Full Text Available Objective To establish the 9L/F344 rat intracerebral glioma model of brain tumor stem cells.  Methods Rat 9L gliosarcoma stem-like cells were cultured in serum-free suspension. The expression of CD133 and nestin were tested by immunohistochemistry. A total of 48 inbredline male F344 rats were randomly divided into 2 groups, and 9L tumor sphere cells and 9L monolayer cells were respectively implanted into the right caudate nucleus of F344 rats in 2 groups. Survival time was observed and determined using the method of Kaplan-Meier survival analysis. Fourteen days after implantation or when the rats were dying, their brains were perfused and sectioned for HE staining, and CD133 and nestin were detected by immunohistochemistry.  Results Rat 9L tumor spheres were formed with suspension culture in serum-free medium. The gliomas formed in both groups were invasive without obvious capsule. More new vessels, bleeding and necrosis could be detected in 9L tumor spheres group. The tumor cells in both groups were positive for CD133 and nestin. There was no significant difference in the expression of CD133 and nestin between 2 groups (P > 0.05, for all. According to the expression of nestin, the tumors formed by 9L tumor sphere cells were more invasive. The median survival time of the rats bearing 9L tumor sphere cells was 15 d (95%CI: 15.219-15.781, and the median survival time of the rats bearing 9L monolayer cells was 21 d (95%CI: 20.395-21.605. There was significant difference between 2 groups (χ2 = 12.800, P = 0.000.  Conclusions 9L/F344 rat intracerebral glioma model of brain tumor stem cells is successfully established, which provides a glioma model for the future research. DOI: 10.3969/j.issn.1672-6731.2015.04.012

  17. Granular cell tumor on perianal region: a case report.

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    Kesici Ugur

    2013-07-01

    Full Text Available Granular cell tumor (GCT was first described by Abrikossoff in 1926. GCT is a rarely seen soft tissue tumor and is generally benign. While the tumor can be seen in all parts of the body it is generally located on the head and neck region, and especially on the tongue. GCT is rarely seen in the anal-perianal region. In accordance with literature this case was reported because it was thought to be the 27th anal-perianal located GCT case. In this case report, approximately 0,5-1 cm pedunculated polypoid lesion was determined in the perianal region during the physical examination of a 23 year old female patient who applied with palpable mass complaint in the perianal region. Lesion in the patient was totally excited with healthy skin-subcutaneous tissue under local anesthesia. A benign granular cell tumor was detected in the histopathological examination. Positive staining was monitored immunohistochemically with S-100 and neuron specific enolase (NSE. GCT is a rarely seen tumor in the anal-perianal region and its malign transformation rate is very low. Even lesions seen in the perianal region have clinically a benign appearance, a histopathological examination should be conducted and also GCT should be kept in mind during diagnosis. Malign-benign separation of these lesions is difficult so histopathological examination should be conducted with great care. Large local excision in the treatment provides curative treatment. But for those presenting malign transformation further examination must be performed for metastasis. After the treatment local recurrence and metastasis should be considered carefully. Prognosis of metastatic disease is very bad.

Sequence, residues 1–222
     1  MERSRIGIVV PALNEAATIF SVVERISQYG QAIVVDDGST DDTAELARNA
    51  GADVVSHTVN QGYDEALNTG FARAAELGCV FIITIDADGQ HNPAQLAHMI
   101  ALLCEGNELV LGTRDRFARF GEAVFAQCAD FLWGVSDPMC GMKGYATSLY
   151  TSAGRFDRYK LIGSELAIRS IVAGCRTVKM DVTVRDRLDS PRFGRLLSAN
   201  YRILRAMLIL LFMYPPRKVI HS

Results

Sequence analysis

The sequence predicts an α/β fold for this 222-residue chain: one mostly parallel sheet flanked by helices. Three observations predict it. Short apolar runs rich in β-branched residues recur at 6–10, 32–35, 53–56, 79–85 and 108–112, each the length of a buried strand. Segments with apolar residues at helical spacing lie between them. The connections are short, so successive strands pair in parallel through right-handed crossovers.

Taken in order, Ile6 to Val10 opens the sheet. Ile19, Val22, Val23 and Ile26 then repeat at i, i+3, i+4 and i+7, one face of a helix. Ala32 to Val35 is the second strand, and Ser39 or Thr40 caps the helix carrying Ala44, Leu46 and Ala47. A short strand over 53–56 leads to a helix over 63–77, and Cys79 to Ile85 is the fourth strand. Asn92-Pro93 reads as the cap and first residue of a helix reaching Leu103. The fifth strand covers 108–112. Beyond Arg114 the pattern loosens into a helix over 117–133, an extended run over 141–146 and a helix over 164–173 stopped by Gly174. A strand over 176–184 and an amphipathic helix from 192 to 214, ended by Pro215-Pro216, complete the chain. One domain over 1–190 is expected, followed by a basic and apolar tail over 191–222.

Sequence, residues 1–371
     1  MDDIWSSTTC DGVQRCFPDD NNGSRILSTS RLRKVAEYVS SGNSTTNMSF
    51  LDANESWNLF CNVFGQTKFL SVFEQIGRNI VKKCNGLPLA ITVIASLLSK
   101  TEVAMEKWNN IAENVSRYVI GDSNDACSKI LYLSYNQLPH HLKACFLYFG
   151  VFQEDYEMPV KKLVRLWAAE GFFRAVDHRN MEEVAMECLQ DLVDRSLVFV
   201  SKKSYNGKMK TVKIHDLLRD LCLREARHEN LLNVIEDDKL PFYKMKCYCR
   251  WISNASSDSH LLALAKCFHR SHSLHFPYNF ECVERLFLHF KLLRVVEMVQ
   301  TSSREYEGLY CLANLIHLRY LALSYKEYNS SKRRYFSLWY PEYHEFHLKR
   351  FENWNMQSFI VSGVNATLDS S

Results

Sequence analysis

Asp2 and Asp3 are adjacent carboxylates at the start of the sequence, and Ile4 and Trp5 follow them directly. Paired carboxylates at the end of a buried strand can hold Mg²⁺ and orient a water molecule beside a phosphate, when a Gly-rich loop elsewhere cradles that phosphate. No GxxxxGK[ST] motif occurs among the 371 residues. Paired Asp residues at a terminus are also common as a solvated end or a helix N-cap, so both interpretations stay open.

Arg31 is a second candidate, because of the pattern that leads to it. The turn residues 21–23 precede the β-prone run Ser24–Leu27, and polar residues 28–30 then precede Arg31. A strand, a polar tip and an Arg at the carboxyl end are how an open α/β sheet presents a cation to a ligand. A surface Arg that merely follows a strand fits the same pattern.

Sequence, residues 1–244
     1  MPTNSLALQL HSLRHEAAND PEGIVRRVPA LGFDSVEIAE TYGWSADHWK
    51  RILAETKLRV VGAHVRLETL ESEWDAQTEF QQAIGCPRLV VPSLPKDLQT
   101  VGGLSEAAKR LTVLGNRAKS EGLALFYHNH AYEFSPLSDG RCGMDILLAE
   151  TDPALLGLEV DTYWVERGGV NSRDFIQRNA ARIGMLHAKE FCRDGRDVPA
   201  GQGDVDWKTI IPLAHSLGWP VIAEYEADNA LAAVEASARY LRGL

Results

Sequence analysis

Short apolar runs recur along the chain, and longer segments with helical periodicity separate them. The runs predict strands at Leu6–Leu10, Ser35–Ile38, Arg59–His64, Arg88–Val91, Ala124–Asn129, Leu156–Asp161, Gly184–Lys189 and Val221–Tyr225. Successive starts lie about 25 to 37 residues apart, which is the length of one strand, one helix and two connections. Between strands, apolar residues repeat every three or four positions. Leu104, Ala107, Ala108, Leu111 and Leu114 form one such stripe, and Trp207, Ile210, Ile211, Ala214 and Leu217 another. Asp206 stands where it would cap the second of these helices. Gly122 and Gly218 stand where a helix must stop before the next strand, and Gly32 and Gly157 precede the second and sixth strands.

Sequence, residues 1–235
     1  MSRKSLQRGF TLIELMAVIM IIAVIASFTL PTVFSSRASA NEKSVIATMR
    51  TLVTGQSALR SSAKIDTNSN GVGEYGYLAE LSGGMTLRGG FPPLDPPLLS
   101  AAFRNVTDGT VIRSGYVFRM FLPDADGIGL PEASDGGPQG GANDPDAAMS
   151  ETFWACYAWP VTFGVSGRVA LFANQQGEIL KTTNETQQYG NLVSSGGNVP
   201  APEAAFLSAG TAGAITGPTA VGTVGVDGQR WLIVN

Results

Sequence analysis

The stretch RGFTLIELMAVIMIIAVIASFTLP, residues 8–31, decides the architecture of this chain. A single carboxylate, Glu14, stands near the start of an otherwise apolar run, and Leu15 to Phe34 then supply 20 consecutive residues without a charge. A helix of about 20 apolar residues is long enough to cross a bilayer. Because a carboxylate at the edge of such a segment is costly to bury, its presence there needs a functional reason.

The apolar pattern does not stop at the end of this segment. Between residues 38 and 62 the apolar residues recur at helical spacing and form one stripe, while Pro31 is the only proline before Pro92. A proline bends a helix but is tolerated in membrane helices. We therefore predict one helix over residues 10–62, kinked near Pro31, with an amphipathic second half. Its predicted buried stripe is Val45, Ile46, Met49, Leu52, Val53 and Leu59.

18. Tumor-altered dendritic cell function: implications for anti-tumor immunity

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    Kristian Michael Hargadon

    2013-07-01

    Full Text Available Dendritic cells are key regulators of both innate and adaptive immunity, and the array of immunoregulatory functions exhibited by these cells is dictated by their differentiation, maturation, and activation status. Although a major role for these cells in the induction of immunity to pathogens has long been appreciated, data accumulated over the last several years has demonstrated that DC are also critical regulators of anti-tumor immune responses. However, despite the potential for stimulation of robust anti-tumor immunity by DC, tumor-altered DC function has been observed in many cancer patients and tumor-bearing animals and is often associated with tumor immune escape. Such dysfunction has significant implications for both the induction of natural anti-tumor immune responses as well as the efficacy of immunotherapeutic strategies that target endogenous DC in situ or that employ exogenous DC as part of anti-cancer immunization maneuvers. In this review, the major types of tumor-altered DC function will be described, with emphasis on recent insights into the mechanistic bases for the inhibition of DC differentiation from hematopoietic precursors, the altered programming of DC precursors to differentiate into myeloid-derived suppressor cells or tumor-associated macrophages, the suppression of DC maturation and activation, and the induction of immunoregulatory DC by tumors, tumor-derived factors, and tumor-associated cells within the milieu of the tumor microenvironment. The impact of these tumor-altered cells on the quality of the overall anti-tumor immune response will also be discussed. Finally, this review will also highlight questions concerning tumor-altered DC function that remain unanswered, and it will address factors that have limited advances in the study of this phenomenon in order to focus future research efforts in the field on identifying strategies for interfering with tumor-associated DC dysfunction and improving DC-mediated anti-tumor